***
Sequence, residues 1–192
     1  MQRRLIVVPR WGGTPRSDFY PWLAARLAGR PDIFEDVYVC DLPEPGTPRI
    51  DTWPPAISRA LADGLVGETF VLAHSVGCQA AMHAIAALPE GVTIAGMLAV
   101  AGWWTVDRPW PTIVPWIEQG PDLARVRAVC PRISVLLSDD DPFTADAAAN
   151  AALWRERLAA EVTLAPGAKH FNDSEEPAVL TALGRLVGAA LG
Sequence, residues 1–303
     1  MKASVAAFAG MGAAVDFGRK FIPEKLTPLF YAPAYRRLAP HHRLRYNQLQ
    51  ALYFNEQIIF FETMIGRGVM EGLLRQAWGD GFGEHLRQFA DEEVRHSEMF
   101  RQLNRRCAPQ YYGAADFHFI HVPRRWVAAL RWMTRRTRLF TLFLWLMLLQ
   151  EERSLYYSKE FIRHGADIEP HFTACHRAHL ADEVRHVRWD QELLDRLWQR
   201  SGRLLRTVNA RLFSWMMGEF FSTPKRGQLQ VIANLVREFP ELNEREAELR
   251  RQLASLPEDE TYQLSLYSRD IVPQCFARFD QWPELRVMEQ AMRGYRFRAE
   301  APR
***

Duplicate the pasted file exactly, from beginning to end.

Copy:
Sequence, residues 1–192
     1  MQRRLIVVPR WGGTPRSDFY PWLAARLAGR PDIFEDVYVC DLPEPGTPRI
    51  DTWPPAISRA LADGLVGETF VLAHSVGCQA AMHAIAALPE GVTIAGMLAV
   101  AGWWTVDRPW PTIVPWIEQG PDLARVRAVC PRISVLLSDD DPFTADAAAN
   151  AALWRERLAA EVTLAPGAKH FNDSEEPAVL TALGRLVGAA LG
Sequence, residues 1–303
     1  MKASVAAFAG MGAAVDFGRK FIPEKLTPLF YAPAYRRLAP HHRLRYNQLQ
    51  ALYFNEQIIF FETMIGRGVM EGLLRQAWGD GFGEHLRQFA DEEVRHSEMF
   101  RQLNRRCAPQ YYGAADFHFI HVPRRWVAAL RWMTRRTRLF TLFLWLMLLQ
   151  EERSLYYSKE FIRHGADIEP HFTACHRAHL ADEVRHVRWD QELLDRLWQR
   201  SGRLLRTVNA RLFSWMMGEF FSTPKRGQLQ VIANLVREFP ELNEREAELR
   251  RQLASLPEDE TYQLSLYSRD IVPQCFARFD QWPELRVMEQ AMRGYRFRAE
   301  APR